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IT Industry Needs to Include More Black Women: Report Says

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In the UK, the tech industry is "missing" up to 20,000 black women, claim a campaign group and a representation organization in a joint report. According to the survey, there are 2.5 times fewer black women working in IT than there are in the entire UK labor force. Additionally, an advocacy organization called Coding Black Females claimed that the computer industry "desperately needed" more employees from diverse backgrounds. Also, organizations in the industry agree that "more must be done" to foster diversity. According to the authors of the Coding Black Females (CBF) and BCS report, who examined data from the Office of National Statistics, black women made up 1.8% of the workforce in the UK but only 0.7% of those employed in technology. Hence, to close the gap, the IT sector needs to hire 20,000 more black women in addition to the 12,000 who presently work in IT. In addition, it claimed that women are underrepresented in top leadership positions as well. Only 17% of IT directors were female in 2021, the survey states. Black Women According to the study, the fact that ethnic-minority representation is higher overall among IT professionals than in the general population is partly attributable to the significant number of Indian-born tech workers. Furthermore, through surveys and in-depth interviews, the writers also aimed to shed light on black women's experiences in the field.

More details on the study

The report asked 350 black women to tell them about their experiences. Software engineer Siba Munsanje of Deloitte said the following to researchers, "You have to get used to knowing that you are the only one in the room on the team, in the project, at the conference. Sometimes it can become a bit challenging. Sometimes... you can see people tiptoeing around you a little bit or making sad jokes - it's those little things that you have to put up with." Black Women Head of quality engineering at the artificial intelligence software company Adarga in the UK, Nicola Martin, stated, "Now stats are being published related to diversity in tech, we can see there is still a lot of work to do. The tech industry needs to encourage more diversity to ensure that people want to stay in the industry." Also, according to respondents, companies can do more to support black female applicants, including outreach efforts in relevant communities to increase knowledge of opportunities. Additionally, women claimed that applicants would be put off by the interview procedure and working culture. The "tech bro" mentality, according to one respondent included in the paper, is draining.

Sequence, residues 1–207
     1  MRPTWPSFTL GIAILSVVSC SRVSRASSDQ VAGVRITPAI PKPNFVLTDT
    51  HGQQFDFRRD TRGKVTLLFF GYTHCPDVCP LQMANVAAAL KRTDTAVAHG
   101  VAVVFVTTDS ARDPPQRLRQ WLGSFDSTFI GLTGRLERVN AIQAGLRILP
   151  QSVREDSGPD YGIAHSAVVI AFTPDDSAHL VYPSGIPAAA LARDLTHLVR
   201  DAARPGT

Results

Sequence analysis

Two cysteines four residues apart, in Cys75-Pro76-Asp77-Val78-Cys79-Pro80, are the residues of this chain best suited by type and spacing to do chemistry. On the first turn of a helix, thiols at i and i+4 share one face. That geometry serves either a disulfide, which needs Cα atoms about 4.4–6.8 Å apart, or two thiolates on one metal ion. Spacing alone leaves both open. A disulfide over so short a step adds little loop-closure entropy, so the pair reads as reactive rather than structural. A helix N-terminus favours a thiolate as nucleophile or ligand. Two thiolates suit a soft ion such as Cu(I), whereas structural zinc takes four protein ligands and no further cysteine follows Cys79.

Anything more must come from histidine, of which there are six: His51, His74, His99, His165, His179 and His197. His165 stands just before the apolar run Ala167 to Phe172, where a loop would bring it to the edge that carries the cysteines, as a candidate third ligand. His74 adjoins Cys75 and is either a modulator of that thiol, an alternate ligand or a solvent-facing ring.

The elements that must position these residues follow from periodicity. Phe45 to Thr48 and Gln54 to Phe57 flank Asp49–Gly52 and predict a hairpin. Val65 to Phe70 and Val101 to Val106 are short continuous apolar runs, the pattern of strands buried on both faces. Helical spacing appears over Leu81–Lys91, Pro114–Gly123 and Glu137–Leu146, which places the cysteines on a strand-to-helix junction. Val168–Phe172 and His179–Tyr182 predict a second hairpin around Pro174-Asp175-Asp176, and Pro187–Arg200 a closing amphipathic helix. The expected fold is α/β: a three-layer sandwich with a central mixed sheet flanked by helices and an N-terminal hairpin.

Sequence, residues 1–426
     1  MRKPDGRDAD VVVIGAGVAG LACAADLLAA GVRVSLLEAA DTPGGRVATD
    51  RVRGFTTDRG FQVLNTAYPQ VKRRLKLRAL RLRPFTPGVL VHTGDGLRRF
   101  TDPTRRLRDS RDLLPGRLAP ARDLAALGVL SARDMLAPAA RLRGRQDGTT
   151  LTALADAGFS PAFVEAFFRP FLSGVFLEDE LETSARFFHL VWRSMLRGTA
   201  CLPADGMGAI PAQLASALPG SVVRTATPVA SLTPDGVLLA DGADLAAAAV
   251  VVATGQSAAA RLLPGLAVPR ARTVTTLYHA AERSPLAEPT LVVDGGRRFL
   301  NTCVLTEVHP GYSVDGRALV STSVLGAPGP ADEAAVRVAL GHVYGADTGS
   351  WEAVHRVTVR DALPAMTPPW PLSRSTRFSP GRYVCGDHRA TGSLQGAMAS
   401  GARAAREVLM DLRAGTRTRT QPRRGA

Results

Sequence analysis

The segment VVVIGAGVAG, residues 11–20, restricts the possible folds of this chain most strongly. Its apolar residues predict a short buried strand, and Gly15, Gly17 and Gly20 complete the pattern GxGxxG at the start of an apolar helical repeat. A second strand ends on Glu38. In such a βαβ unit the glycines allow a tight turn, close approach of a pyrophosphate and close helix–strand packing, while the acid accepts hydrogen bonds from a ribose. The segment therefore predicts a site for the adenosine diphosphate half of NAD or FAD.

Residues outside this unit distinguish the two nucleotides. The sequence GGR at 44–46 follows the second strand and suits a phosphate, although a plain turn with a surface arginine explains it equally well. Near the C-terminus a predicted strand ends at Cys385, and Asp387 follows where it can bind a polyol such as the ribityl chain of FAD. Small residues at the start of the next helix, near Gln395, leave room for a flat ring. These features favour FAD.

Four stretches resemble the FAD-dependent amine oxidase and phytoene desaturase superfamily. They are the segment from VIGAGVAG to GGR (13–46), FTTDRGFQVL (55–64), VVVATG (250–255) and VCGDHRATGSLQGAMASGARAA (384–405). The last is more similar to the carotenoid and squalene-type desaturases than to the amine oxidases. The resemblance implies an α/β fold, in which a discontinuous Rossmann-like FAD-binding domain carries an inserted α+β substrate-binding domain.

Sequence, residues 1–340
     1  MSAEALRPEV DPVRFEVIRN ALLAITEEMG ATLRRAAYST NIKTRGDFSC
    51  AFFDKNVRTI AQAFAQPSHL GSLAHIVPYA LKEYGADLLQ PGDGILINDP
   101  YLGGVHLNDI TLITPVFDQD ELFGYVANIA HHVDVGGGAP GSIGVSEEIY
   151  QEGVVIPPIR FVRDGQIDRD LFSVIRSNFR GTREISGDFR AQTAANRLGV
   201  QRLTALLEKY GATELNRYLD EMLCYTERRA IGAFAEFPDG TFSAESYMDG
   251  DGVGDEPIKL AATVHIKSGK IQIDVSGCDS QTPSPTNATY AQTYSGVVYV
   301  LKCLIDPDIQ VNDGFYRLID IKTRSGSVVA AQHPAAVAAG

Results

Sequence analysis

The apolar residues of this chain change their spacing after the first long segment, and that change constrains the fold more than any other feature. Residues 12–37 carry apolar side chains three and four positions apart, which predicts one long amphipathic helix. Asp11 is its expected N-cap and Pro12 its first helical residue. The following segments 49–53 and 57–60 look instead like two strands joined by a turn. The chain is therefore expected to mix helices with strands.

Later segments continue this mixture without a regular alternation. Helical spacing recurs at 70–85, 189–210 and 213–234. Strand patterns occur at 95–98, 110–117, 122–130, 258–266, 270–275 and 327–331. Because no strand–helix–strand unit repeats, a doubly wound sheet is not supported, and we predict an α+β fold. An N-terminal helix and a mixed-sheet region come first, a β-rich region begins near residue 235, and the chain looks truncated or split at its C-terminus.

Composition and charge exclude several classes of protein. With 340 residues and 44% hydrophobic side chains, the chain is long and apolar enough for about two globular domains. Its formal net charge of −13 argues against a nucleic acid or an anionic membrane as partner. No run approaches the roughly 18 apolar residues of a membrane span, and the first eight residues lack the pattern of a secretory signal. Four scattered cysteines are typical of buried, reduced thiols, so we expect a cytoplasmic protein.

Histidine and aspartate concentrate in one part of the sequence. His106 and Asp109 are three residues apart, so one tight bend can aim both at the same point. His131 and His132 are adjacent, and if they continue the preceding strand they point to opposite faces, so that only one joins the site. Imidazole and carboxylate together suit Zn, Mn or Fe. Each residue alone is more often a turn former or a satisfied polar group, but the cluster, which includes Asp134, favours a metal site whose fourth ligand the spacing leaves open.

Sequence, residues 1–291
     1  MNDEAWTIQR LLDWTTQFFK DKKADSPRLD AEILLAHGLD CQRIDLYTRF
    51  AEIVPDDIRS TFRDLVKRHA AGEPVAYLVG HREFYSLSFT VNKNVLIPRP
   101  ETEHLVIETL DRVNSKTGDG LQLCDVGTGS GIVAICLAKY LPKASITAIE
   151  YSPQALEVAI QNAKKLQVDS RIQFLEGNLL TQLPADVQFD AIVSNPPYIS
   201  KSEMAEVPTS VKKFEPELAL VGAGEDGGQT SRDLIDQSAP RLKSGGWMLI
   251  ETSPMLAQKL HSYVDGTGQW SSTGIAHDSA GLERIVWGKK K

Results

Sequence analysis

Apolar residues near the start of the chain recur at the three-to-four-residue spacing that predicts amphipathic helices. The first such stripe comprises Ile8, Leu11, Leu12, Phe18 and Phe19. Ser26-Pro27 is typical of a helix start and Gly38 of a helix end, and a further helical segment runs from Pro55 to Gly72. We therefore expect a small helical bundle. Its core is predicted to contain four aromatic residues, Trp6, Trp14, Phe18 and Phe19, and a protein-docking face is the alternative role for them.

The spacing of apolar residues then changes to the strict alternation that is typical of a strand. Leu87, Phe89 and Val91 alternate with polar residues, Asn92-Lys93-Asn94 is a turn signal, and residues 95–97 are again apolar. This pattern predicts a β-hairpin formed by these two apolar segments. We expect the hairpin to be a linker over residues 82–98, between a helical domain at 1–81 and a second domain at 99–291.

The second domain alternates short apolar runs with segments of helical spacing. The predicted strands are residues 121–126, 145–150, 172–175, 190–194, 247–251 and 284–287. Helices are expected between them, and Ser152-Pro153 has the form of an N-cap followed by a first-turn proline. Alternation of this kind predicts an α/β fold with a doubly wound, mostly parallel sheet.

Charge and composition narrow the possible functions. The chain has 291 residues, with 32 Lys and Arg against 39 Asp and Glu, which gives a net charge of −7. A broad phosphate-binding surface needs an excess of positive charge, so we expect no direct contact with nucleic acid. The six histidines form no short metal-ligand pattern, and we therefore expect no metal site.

What's more

According to Charlene Hunter, chief executive of CBF, there are still obstacles for women to overcome to obtain employment in the technology industry. Black Women "You hear often stories of people applying for roles and not really being given any actual feedback. You know you meet all of the criteria, but something doesn't quite feel right." Also, Read- ‘Black Adam’ star Sarah Shahi opens up about new roles and romance: ‘I’m crazy in love’ However, the difference was not simply in the number of people employed, but also in their chances to advance their professions. "We nee2 Women In the WWomen In the Wd senior leaders to match the large numbers of black women currently appearing in tech and engineering adverts, with genuine opportunities to progress into rewarding jobs," according to Ms. Hunter. Black Women She focused in especially on the advancement of artificial intelligence, raising concerns that these systems might be biased towards particular racial and gender groups. On another note, a more diverse senior leadership would make it easier to "incorporate bias in every part of your design process." Also, Read- Failed to scan all items at self-checkout, Michigan women arrested "We will only be able to build the systems that serve everyone if the diversity of humanity is represented in the project teams that design and build these systems," said Rashik Parmar, chief executive of the BCS, the professional body for computing. Black Women And while efforts are being made to promote inclusion and diversity in the ICT profession, Nimmi Patel of trade group Tech UK stated that "clearly more must be done." She said, "Both industry and government should work together to inspire, educate, and attract diverse talent to ensure black women - and women in general - enter and progress through the industry."

By Omal J

I worked for both print and electronic media as a feature journalist. Writing, traveling, and DIY sum up her life.


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